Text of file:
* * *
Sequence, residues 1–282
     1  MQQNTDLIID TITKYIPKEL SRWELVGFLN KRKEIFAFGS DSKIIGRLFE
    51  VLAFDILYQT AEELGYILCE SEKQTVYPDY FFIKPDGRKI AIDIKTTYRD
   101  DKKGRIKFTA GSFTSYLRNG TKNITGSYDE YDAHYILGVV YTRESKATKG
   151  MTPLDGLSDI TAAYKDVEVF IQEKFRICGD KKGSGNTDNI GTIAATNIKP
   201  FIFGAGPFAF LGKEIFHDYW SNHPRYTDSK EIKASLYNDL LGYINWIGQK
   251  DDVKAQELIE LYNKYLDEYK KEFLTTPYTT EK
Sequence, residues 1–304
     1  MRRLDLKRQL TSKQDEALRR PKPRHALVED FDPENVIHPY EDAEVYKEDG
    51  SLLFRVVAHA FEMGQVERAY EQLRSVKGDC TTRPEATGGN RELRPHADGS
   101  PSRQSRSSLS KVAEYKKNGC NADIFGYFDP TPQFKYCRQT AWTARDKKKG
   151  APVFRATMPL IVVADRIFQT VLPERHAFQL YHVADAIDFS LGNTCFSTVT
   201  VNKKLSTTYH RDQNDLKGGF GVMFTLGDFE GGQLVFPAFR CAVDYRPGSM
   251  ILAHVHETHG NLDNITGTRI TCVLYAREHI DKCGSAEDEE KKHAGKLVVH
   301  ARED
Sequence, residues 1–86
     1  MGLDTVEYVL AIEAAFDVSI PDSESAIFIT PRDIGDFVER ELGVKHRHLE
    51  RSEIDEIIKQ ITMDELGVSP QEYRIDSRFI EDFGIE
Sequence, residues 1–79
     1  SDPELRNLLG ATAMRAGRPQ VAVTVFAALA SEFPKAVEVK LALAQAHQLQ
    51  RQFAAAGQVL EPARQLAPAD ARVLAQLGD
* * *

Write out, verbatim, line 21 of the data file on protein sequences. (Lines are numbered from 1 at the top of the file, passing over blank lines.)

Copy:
    51  RQFAAAGQVL EPARQLAPAD ARVLAQLGD